I recently read a blog post that I found insightful and, frankly, disturbing. It appeared on Thom Rainer’s blog and was written by Chuck Lawless. As I read the blog and the comments, I began to wonder, “What keeps CVC-ers from inviting friends to CVC? What are the issues in NE Ohio that we are facing?”
I was challenged by this list. From the original list and from reading through all the comments, I created a list that I think is why some of us at CVC are not inviting like we could and should. The first 7 reasons were shared on a previous post. Below is my second post.
1. “I just don’t think about it.” – Many church members have contact with the unchurched every week, if not every day. They go to school with them, work with them, live beside them – and sometimes live with them. What church folks don’t do, though, is see the unchurched as “sheep without a shepherd” (Matt. 9:36), as spiritual beings in need of redemption and a church family.
2. “The church isn’t really being used by God to change my life.” – Are we being changed through our involvement in our churches? Are we being led by men who are passionately and zealously pursuing God and submitting their lives fully to Him, that we might desire and strive to imitate them, as they imitate Christ? If not, it probably holds no treasured part in our life and is not deemed worthy of sharing.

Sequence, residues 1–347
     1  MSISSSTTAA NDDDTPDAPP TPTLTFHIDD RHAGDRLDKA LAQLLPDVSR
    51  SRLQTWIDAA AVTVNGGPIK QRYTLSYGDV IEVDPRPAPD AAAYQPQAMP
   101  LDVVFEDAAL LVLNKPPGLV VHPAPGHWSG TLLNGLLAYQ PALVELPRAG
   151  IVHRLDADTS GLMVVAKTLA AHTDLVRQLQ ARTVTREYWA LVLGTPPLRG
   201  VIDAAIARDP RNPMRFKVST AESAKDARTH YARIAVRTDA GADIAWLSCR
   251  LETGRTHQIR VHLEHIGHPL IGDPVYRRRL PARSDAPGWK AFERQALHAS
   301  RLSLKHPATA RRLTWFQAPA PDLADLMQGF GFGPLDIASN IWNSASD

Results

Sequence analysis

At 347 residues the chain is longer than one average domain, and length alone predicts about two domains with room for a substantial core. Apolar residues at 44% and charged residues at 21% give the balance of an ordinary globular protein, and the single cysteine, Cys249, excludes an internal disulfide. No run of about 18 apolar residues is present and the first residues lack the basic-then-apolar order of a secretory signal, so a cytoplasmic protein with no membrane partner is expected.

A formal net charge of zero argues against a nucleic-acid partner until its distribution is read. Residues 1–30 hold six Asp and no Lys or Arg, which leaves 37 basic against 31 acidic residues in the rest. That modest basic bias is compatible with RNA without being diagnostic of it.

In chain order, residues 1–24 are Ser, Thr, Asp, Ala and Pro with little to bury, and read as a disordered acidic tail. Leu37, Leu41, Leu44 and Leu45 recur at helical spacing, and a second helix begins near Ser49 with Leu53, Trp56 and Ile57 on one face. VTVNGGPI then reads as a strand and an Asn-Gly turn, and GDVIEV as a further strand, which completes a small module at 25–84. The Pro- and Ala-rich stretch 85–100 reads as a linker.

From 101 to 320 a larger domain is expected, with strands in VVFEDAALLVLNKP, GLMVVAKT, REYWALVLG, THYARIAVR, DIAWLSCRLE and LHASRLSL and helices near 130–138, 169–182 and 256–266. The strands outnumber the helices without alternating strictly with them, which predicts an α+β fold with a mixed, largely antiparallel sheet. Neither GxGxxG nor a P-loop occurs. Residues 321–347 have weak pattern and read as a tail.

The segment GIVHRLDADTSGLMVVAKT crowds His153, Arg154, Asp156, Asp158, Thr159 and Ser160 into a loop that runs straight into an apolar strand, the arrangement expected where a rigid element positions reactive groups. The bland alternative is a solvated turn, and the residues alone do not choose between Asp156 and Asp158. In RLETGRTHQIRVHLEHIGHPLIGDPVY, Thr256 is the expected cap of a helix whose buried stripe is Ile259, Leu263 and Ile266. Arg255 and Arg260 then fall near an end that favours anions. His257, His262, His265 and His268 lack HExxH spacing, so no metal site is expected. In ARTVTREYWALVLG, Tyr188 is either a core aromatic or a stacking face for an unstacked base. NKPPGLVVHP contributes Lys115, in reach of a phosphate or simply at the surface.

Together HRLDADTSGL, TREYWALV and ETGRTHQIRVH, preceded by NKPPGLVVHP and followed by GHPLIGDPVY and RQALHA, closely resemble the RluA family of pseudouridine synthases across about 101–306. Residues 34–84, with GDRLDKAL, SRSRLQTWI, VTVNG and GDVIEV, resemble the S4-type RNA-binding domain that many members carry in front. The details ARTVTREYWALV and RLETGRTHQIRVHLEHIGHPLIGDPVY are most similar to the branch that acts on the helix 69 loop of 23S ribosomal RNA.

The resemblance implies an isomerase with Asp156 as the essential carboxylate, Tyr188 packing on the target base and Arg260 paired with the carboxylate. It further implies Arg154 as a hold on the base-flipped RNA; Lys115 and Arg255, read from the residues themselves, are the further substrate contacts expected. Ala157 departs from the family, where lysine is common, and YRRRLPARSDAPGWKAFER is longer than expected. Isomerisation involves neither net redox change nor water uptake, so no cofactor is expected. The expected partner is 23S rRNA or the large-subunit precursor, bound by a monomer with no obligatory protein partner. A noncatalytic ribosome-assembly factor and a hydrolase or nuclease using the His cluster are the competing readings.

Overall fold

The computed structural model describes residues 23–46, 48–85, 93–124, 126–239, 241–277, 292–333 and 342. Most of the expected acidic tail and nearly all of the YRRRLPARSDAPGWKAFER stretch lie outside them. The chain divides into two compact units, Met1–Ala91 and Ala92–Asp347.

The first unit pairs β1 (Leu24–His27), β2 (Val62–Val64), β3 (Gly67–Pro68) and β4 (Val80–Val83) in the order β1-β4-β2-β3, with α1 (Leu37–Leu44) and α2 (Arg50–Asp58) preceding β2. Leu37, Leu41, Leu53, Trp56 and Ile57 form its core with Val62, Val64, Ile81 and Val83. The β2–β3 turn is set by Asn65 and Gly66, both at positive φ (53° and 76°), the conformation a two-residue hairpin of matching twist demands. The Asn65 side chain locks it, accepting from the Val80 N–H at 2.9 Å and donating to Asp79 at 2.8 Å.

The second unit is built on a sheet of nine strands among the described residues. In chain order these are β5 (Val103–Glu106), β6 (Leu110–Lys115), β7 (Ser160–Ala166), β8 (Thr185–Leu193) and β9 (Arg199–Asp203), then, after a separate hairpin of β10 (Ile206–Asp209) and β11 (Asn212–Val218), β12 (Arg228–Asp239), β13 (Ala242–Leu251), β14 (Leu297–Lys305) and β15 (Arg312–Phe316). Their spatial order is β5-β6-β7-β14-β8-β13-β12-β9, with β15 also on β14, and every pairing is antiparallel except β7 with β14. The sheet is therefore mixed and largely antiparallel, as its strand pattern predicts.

3. “I don’t see anything going on that really excites me.” – Why would we expect people to invite anyone to what we ourselves consider just OK? The church experience from the greeting in parking lot to the childcare to the music and message ought to add value and be an excellent experience.
4. “What we do and say at church would make my friends uncomfortable.” – Many church people think that their friends would find our worship and lifestyle weird. So, they don’t and won’t invite them to attend.
5. “Most people I know already go to church somewhere.” – However, many of the people they know are “members” at a church but do not regularly attend. When we hear folks say that all their friends already go to church, we ought to tell them, “Then you need new friends!”
6. “I don’t know how to start the conversation.” – Simply inviting somebody to church would seem easy, but that’s not the case for many church members. In a culture where discussing religion or politics is almost forbidden, even long-term Christians struggle with initiating an invitation to church.
We must have internal conversations with ourselves to counter these spiritually deadly excuses. We must pray. We must push through our complacency and apathy. Let’s ask God to light a fire for outreach and evangelism within us. Let’s encourage and challenge each other to care enough to share.
What do you sometimes say to yourself that keeps you from inviting people to church and how do you overcome your excuses?